Reverse 1031 Exchange

A reverse 1031 exchange represents a tax deferment strategy when for a variety of reasons, the replacement property must be purchased before the relinquished or old property is sold. It is more complex than a forward 1031 exchange and requires careful planning.  

Reasons for a Reverse 1031 Exchange

  • Exchangor may lose an earnest money deposit or favorable financing rate if it fails to close on the replacement property by a certain date
  • Improvements may need to be made on the new property
  • Exchangor has not found a buyer for their old property yet wants to acquire the new property.

Exchange Accommodator Titleholder

In a reverse 1031 exchange, the Exchangor cannot hold title to both properties at the same time, so an Exchange Accommodator Titleholder (EAT) is created to take title or park either the old or new property. The EAT is a single member limited liability company (smllc) created for the purpose of holding the property for the duration of the 1031 reverse exchange. The smllc is never reused or simultaneously holds property for another exchange. Once the old property sells, the equity is returned to the Exchangor for the cash contribution to the new property or to pay down the new property debt. EATs are also used while the new property receives improvements.

6 Steps to a Reverse 1031 Exchange

1. Exchangor engages Atlas 1031 Exchange to create an Exchange Accommodator Titleholder (EAT) once it is determined that a reverse exchange makes sense to park or take title to either the new or the old property.

If the decision is to park the old property with the EAT, then a warranty deed is prepared by the escrow company transferring ownership of the old property from the Exchangor to the EAT. The deed is recorded prior to the replacement property recording. While the old property is parked, the Exchangor is responsible for loan payments, insurance, taxes and operating expenses through a triple net lease agreement. All rent flows to the Exchangor and mortgage payments to lender as normal.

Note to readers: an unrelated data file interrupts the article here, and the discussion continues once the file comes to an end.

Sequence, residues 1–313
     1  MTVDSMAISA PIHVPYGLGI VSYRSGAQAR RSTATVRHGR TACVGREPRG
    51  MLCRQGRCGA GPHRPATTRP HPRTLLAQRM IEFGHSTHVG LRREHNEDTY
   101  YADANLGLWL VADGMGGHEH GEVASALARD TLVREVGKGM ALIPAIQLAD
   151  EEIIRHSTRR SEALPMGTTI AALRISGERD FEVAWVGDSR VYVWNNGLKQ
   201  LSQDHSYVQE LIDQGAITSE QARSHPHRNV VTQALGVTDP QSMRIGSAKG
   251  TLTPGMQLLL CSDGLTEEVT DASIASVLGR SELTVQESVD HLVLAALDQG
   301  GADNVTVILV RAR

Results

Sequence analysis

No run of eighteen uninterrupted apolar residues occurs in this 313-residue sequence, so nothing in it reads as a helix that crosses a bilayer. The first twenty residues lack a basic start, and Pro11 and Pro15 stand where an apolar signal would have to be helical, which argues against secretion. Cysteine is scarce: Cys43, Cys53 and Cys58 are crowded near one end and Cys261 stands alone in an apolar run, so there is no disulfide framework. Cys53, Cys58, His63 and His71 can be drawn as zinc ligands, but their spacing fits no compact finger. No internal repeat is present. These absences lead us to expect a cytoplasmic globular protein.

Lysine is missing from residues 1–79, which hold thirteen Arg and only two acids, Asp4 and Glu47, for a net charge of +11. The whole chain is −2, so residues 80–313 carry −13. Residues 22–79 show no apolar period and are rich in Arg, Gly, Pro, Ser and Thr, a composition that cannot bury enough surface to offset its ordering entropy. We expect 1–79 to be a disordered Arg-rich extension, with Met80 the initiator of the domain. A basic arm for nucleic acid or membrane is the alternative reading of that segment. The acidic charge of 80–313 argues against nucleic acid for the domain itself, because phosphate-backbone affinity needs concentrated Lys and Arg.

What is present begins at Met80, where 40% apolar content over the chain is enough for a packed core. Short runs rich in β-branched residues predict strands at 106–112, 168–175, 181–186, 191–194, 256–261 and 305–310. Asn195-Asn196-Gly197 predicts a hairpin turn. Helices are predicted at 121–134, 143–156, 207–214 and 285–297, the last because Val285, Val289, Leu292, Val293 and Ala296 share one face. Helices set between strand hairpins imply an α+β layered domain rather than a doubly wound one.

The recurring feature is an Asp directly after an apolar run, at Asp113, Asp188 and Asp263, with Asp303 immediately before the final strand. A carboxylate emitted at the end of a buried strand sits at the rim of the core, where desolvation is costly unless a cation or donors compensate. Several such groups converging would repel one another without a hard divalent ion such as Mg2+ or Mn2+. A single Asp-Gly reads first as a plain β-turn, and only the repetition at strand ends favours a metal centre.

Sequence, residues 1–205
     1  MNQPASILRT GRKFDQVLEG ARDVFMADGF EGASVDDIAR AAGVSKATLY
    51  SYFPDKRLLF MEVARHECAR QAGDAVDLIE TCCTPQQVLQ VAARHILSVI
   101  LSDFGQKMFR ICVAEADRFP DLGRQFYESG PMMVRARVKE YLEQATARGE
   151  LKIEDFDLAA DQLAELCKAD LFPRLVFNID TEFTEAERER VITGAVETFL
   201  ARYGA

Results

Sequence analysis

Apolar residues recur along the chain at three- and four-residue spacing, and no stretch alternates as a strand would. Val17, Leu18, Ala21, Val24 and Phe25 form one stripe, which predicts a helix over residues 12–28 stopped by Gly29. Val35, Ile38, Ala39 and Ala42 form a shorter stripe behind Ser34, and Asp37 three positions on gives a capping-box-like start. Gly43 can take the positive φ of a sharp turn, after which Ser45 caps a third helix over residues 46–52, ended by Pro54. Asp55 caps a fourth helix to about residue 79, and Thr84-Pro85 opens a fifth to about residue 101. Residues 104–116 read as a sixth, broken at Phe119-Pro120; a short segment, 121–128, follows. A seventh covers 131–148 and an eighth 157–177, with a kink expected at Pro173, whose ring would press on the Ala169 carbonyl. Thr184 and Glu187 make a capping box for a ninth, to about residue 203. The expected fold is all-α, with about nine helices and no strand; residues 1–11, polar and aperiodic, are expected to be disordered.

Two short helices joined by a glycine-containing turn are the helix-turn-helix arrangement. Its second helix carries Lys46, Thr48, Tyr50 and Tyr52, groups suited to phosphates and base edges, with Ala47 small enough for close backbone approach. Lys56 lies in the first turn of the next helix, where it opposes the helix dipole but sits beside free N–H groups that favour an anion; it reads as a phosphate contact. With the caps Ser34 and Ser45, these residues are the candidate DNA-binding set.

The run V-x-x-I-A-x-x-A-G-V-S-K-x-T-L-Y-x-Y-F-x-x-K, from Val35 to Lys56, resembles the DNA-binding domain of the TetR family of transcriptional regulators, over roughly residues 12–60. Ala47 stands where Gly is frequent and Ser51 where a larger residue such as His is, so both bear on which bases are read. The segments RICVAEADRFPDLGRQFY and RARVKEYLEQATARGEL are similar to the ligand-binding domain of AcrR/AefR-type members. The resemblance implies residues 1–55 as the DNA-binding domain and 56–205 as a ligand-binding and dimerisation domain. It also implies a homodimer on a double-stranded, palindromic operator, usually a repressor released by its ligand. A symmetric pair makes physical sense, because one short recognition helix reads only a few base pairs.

If the EAT takes title to the new property and a loan is required to purchase, the EAT will sign a non recourse note with the lender. Planning is key so the lender is notified prior to the loan approval process.

2. Exchangor enters into a Purchase and Sales Agreement (PSA) for the replacement property with the Seller. Included in the PSA is the 1031 assignment language.

3. Atlas 1031 prepares multiple 1031 exchange agreements including the Qualified Exchange Accommodation Agreement, Promissory Note, Pledge of Membership Interest and Lease for the first leg closing. Exchangor secures financing if needed for the purchase through a primary, bridge or equity loan.

4. If the old property is parked, no identification is needed of the replacement property. If the new property is parked, then the old property is identified as the property to be sold.

5. Exchangor enters into a PSA with the Buyer of the old or relinquished property including the 1031 assignment language.

6. At the closings, traditional closing and exchange agreements are signed. If the old property is parked with the EAT, the EAT signs as the Seller, while the taxpayer signs the settlement statement under Read and Approved. Proceeds from the old property sale are reimbursed to the Exchangor or wired to the replacement property lender to pay down the note. If the new property is parked with the EAT, the EAT signs as the Buyer while the Exchangor signs under Read and Approved. Once the old property sells, the EAT conveys the replacement property title to the Exchangor no later than the 185th post the first leg closing.

Atlas' Certified Exchange Specialist® will create 1031 exchange documents in accordance with the 1031 Internal Revenue Code and provide steps to defer your capital gain and recaptured depreciation taxes. 

What You Get 

  • Certified Exchange Specialist® to discuss and accommodate your reverse 1031 exchange.
  • Engagement letter itemizing Qualified Intermediary fee and reverse 1031 exchange steps.
  • Recommendation which property to park with EAT.
  • Consideration whether to convey parked property by assuming EAT or deed.
  • Letters identifying 45th and 180th calendar days including property identification instructions.
  • Follow ups prior to 45th and 180th calendar day threshholds.
  • At exchange completion, a summary file of primary 1031 exchange documents for you and your accountant.

To learn more, Contact Us at and 850.496.0090.  

Follow us on TwitterFacebook or LinkedIn to receive IRS updates on 45 and 180 day extensions and pertinent Court rulings.